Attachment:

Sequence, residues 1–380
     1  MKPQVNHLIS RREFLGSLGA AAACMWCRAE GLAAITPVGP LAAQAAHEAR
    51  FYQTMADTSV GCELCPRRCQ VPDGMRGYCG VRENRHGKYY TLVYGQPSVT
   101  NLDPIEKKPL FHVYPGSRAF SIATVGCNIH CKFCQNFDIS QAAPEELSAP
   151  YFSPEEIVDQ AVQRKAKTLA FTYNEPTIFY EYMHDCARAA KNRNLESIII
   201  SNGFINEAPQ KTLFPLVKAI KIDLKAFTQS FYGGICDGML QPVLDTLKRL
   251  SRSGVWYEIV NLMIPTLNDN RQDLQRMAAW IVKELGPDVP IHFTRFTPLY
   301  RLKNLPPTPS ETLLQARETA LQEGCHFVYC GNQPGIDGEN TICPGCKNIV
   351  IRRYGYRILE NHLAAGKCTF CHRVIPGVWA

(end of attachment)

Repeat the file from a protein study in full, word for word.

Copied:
Sequence, residues 1–380
     1  MKPQVNHLIS RREFLGSLGA AAACMWCRAE GLAAITPVGP LAAQAAHEAR
    51  FYQTMADTSV GCELCPRRCQ VPDGMRGYCG VRENRHGKYY TLVYGQPSVT
   101  NLDPIEKKPL FHVYPGSRAF SIATVGCNIH CKFCQNFDIS QAAPEELSAP
   151  YFSPEEIVDQ AVQRKAKTLA FTYNEPTIFY EYMHDCARAA KNRNLESIII
   201  SNGFINEAPQ KTLFPLVKAI KIDLKAFTQS FYGGICDGML QPVLDTLKRL
   251  SRSGVWYEIV NLMIPTLNDN RQDLQRMAAW IVKELGPDVP IHFTRFTPLY
   301  RLKNLPPTPS ETLLQARETA LQEGCHFVYC GNQPGIDGEN TICPGCKNIV
   351  IRRYGYRILE NHLAAGKCTF CHRVIPGVWA